Overall Rating Gold - expired
Overall Score 67.08
Liaison Carrie Metzgar
Submission Date May 18, 2011
Executive Letter Download

STARS v1.0

University of California, San Diego
IN-3: Innovation 3

Status Score Responsible Party
Complete 1.00 / 1.00 Dave Weil
Director of Building Commissioning and Sustainability
Facilities Management
"---" indicates that no data was submitted for this field

A brief description of the innovative policy, practice, program, or outcome:

California’s goal of generating 33 percent of its power from renewable energy sources by 2020 will be challenging on days when clouds shade acres of solar photovoltaic panels or when thousands of wind turbines spin more slowly during calm weather. However, researchers at UC San Diego have developed sophisticated forecasting tools that give California electricity distributors advance notice of meteorological changes that affect solar output. The technology allows energy suppliers to more efficiently schedule their fossil-fuel fired plants or energy-storage facilities to meet the state’s demand for electricity.

“If we can correctly forecast the distribution of solar irradiation and wind patterns within a small margin of error, we could rely more on alternative energy sources and less on power generated by fossil fuels,” said Jim Blatchford, senior policy representative for the California Independent System Operator (CAISO), the non-profit organization that coordinates, controls and monitors most of California’s electrical power grid.

UC San Diego researchers led by Jan Kleissl, assistant professor of environmental engineering in the Department of Mechanical and Aerospace Engineering, have used 16 weather stations on the 1,200-acre campus to measure solar radiation every second and map clouds continuously. The data can verify a predictive model that uses satellite data to predict how moving clouds will affect the power output of 6,000 photovoltaic panels on the campus.

“While California tries to encourage the development of renewable sources of electricity, the current state of the art does not provide the modeling fidelity needed to optimally integrate all the photovoltaic capacity that will be deployed in California over the next decade,” said Byron Washom, principal investigator of the DOE-funded project and director of Strategic Energy Initiatives at UC San Diego. “As more and more home owners, small businesses and other non-utility groups install photovoltaic systems and connect them to the energy grid, fluctuations in cloudiness over relatively small areas can potentially have significant negative impact on the associated electricity distribution system if not adequately addressed.”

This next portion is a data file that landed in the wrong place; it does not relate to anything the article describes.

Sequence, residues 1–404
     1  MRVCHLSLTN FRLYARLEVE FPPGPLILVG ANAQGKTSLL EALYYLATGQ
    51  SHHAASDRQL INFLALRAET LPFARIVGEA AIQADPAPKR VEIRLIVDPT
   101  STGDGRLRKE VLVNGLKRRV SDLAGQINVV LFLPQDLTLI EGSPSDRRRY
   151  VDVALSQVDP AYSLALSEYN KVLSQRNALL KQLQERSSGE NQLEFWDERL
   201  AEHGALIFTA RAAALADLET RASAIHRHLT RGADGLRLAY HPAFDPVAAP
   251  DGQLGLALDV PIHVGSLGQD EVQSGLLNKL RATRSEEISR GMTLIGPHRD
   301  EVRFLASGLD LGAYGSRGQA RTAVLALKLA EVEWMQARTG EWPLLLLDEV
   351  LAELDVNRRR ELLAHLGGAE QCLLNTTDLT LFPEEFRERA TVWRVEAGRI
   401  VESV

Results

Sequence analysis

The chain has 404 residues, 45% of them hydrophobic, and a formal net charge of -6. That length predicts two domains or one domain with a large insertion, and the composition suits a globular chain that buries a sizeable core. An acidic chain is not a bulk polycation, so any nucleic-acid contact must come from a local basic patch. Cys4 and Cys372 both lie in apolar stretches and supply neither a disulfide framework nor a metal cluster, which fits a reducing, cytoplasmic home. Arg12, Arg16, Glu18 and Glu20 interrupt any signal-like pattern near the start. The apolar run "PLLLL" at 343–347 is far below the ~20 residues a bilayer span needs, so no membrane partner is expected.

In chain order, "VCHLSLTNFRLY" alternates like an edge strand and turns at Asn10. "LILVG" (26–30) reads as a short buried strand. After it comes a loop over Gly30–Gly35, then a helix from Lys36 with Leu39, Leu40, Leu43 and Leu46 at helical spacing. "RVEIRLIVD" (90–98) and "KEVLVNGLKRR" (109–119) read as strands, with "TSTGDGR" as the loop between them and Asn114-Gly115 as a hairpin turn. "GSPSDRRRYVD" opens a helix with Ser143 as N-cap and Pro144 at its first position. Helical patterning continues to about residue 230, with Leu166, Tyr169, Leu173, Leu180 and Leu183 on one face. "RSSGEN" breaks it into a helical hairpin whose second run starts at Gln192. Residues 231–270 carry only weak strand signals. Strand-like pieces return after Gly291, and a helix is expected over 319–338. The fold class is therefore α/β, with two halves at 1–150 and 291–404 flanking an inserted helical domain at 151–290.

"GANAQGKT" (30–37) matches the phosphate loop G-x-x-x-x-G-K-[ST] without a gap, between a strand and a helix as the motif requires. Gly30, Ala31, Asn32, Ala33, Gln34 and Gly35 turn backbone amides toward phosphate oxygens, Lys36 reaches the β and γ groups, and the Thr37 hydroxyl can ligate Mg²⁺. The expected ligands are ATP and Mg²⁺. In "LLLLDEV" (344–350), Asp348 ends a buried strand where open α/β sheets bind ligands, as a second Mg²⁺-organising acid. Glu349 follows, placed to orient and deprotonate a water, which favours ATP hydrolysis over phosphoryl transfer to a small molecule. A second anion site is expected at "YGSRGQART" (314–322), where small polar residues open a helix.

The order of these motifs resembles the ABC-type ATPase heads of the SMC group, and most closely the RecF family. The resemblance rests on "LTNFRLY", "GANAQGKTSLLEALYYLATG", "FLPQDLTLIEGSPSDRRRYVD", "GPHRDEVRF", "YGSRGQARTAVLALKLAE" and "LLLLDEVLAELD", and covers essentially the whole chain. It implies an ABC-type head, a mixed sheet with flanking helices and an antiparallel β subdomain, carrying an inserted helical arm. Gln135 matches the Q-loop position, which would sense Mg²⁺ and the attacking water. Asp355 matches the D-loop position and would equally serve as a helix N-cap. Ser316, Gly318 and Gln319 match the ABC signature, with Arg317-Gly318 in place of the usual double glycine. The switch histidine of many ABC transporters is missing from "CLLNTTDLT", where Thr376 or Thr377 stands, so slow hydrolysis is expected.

The university is an ideal place to analyze clouds because it is home to engineering and climate researchers, a 1.2-megawatt photovoltaic system, a self-contained energy grid and one of the world’s densest collections of roof-mounted weather-monitoring stations that can be used to study meteorological effects on the electrical output of photovoltaic panels.

But Kleissl is using a “total sky imager” to understand clouds much better. The imager records their movements across the entire sky throughout the day. “Some clouds grow or shrink and change shape, while others move across the sky without changing much,” said Kleissl. “So far, we’ve found that cloud shape changes are difficult to predict, but we will be able to model the cloud movement and its impact on shading of photovoltaic systems with 90 percent accuracy.” The sky above UC San Diego photographed by the imager can be viewed in real time during the daytime at http://maeresearch.ucsd.edu/kleissl/demroes/live/TSI.jpg .

Kleissl’s experiences have calibrated the sudden, dramatic effects of clouds on the output of photovoltaic panels.

“Once a cloud arrives, the power output from our photovoltaic panels can decrease 40 to 80 percent within a few seconds, and when the cloud leaves the power output increases just as dramatically,” said Kleissl. “Utilities and operators of large power plants want to be able to predict the timing of these transitions so that they can charge up energy storage systems in advance to ‘smooth’ the clear-cloudy transition or prepare other generation to make up for the lost solar power.”

“In the future, electricity generators and energy storage facilities of all scales will likely be able to bid into an hourly market, and the ability to accurately forecast photovoltaic output 1 to 3 hours in advance, despite the variability of the solar resource, would be of immense economic, environmental and operational value,” said Washom.

This technology is expected to eventually be integrated into the management of any grid, large or small.

A letter of affirmation from an individual with relevant expertise:
The website URL where information about the innovation is available:
Data source(s) and notes about the submission:

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